You need a battery that can deliver more current. More 18650 cells in parallel, or just a bigger battery.

The voltage to the Arduino can be lower, as well. You are boosting 3.7V to 10V, just to throw power away in reducing the 10V back down to 5V on the Arduino.

Boost the battery voltage to 5V, and power the Arduino over the 5V pin.

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  • \$\begingroup\$ And use 10V or 12V batteries for the motors directly. The less voltage manipulation, the better. \$\endgroup\$ – rdtsc Feb 10 at 19:27
  • \$\begingroup\$ The servos are unfortunately only rated for a maximum of 7.2V - and a minimum of 4.8V. They don't really match lithium cells very well. \$\endgroup\$ – JRE Feb 10 at 19:30
  • \$\begingroup\$ MG995 servo draws ~2A peak, even when barely moving. Wire your cells in series and regulate down to 6V with a 5A 'BEC' (DC/DC converter). Power the Arduino etc. from a separate 5V regulator. \$\endgroup\$ – Bruce Abbott Feb 10 at 20:30
  • \$\begingroup\$ I connected 4 18650 batteries in parallel directly in the power input servos. The 4 batteries feed directly the servos (with 4.2 v when charged) and power the MT3608 (wich elevates the voltage to 5 v to arduino). There is not any moving, even when just 1 servo is connected! \$\endgroup\$ – Francisco Lopez Caracheo Feb 11 at 14:53
  • \$\begingroup\$ 18650 cell puts out 3.7V nominal. This is way below the minimum operating voltage of an MG955 (which is designed for 4.8~6V, ie. 4 to 5 Nicad/Nimh cells), so trying to run them from a single cell (or even several in parallel) is pointless. \$\endgroup\$ – Bruce Abbott Feb 11 at 20:31
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Power quality is a problem and servo motors are very demanding when there is any position error. You must have a very low ESR in your power source.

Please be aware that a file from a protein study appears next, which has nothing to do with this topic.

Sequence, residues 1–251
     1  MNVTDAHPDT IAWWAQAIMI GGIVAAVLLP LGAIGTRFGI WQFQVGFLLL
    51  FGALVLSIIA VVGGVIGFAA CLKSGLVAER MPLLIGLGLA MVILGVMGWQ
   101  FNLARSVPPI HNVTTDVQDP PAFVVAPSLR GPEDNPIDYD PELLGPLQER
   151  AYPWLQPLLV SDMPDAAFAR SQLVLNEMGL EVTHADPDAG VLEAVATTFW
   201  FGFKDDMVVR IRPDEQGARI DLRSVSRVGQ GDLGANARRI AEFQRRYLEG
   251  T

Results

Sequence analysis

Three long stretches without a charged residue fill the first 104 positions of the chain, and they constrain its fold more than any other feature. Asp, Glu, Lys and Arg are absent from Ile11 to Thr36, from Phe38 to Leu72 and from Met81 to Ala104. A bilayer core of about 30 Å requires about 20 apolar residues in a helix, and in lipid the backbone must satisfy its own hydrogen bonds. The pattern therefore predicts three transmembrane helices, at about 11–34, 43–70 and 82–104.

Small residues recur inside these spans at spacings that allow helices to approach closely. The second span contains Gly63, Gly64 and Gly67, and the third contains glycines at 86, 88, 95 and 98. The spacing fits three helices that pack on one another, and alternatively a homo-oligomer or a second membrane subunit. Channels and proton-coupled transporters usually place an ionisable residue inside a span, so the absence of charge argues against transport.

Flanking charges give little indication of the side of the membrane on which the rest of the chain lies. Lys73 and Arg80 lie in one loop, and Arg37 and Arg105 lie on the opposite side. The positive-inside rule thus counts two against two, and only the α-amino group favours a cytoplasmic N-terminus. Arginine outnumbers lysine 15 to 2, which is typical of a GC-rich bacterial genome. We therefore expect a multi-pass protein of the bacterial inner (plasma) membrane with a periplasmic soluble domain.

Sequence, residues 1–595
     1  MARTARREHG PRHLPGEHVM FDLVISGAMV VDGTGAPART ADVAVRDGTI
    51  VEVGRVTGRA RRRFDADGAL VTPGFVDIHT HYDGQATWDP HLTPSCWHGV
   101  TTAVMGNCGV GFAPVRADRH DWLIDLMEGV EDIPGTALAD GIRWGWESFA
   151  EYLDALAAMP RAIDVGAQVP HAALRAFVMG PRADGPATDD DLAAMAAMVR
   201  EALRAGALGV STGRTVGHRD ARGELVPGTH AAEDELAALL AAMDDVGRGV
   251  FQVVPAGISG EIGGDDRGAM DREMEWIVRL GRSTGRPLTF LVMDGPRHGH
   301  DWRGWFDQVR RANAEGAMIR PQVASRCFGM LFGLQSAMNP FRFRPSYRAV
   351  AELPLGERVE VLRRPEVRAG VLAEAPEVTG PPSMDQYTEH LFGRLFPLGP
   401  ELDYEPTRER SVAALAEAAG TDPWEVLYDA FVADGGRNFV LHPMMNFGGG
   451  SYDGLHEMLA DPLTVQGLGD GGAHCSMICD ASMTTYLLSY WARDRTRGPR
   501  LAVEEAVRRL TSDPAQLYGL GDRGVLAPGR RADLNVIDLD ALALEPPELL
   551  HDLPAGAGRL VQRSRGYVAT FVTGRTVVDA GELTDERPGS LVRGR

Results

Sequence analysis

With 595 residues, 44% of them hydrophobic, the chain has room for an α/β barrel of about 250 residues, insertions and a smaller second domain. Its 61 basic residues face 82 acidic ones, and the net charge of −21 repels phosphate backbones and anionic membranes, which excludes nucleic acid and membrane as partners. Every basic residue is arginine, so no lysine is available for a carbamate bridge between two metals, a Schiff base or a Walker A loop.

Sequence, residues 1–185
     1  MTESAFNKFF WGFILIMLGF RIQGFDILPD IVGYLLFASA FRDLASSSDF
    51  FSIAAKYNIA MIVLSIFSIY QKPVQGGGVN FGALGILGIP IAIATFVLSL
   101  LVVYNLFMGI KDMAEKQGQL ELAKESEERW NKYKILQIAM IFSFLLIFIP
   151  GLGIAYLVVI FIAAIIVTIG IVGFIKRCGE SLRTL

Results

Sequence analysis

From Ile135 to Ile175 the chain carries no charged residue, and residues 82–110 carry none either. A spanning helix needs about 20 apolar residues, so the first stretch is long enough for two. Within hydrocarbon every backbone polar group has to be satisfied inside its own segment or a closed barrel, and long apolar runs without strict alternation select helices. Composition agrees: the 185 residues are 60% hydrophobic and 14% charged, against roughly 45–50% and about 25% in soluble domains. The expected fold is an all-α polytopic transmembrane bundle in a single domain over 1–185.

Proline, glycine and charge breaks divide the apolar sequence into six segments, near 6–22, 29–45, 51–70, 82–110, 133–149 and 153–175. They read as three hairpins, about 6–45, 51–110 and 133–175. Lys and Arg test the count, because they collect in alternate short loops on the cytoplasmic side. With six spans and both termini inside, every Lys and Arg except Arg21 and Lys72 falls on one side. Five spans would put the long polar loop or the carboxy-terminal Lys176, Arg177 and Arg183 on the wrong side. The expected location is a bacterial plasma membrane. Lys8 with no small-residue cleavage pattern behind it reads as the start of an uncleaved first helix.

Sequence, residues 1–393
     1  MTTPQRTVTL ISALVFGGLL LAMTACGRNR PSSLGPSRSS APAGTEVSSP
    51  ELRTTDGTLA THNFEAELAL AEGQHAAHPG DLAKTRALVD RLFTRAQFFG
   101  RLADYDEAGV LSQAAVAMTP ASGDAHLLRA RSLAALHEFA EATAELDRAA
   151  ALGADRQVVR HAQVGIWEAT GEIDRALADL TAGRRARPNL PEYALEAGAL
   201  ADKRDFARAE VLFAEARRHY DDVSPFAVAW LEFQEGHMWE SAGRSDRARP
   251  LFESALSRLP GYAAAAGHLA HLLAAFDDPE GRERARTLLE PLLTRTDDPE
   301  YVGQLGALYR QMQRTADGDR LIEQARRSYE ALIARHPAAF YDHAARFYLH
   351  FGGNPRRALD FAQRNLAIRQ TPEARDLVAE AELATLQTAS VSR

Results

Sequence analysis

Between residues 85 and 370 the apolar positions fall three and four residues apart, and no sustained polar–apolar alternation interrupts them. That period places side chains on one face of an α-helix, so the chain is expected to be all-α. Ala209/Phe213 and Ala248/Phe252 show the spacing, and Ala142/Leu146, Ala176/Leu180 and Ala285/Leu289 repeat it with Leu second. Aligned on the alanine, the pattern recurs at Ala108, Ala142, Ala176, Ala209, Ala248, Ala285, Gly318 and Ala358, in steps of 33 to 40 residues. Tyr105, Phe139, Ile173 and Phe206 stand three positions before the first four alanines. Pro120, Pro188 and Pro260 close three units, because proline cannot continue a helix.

Voltage boosters are a poor solution for servo motors from batteries because the output impedance is inherently increased and both voltage boosters and motors demand huge surge currents starting up.

You need low ESR voltage source batteries to run Servo Motors as the supply load regulation error (1V is very poor Load Reg% error) affects the position error noise (poor PSRR) and makes it unstable.

In biometrics all our muscles are push-pull with burst frequency and amplitude controlling the torque which is current in DC motors. But for Servo-motors current is proportional to the position error up to some limit.

I would choose a battery and motor from your design specs: e.g. 10% load regulation error worst case by design of the current control or overkill on the batteries.

Always start ANY design with better specs for V,I,R (& Zo,ESR,DCR) ,Pd, Ah and include tolerances.
Then choose parts a topology that you know will work.
Then choose the parts and verify assumptions.

If you wanted more power. Consider a BLDC gear motors rather than the cheap servo motor. But you must sense and control current for the acceleration ramp and position to be stable.

ideas https://openbionicslabs.com/tutorials (defunct)

https://www.actuonix.com/category-s/1931.htm (servos)

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  • \$\begingroup\$ Thank you for your answer... The low ESR voltage source is, literally, a battery? or a capacitor? So, I have to put the ESR between the voltage booster and each of the motors? or in the input of the voltage booster? Could you give me a graphical example? I am very nobby with electronics.. \$\endgroup\$ – Francisco Lopez Caracheo Feb 10 at 19:05
  • \$\begingroup\$ I would suggest 6V or 12V Li Ion battery pack with enough Wh to do the job. Match the motors to the battery power avail \$\endgroup\$ – Tony Stewart EE75 Feb 10 at 19:14
  • \$\begingroup\$ Ideal Voltage sources have ESR=0 , so lower the better \$\endgroup\$ – Tony Stewart EE75 Feb 10 at 19:32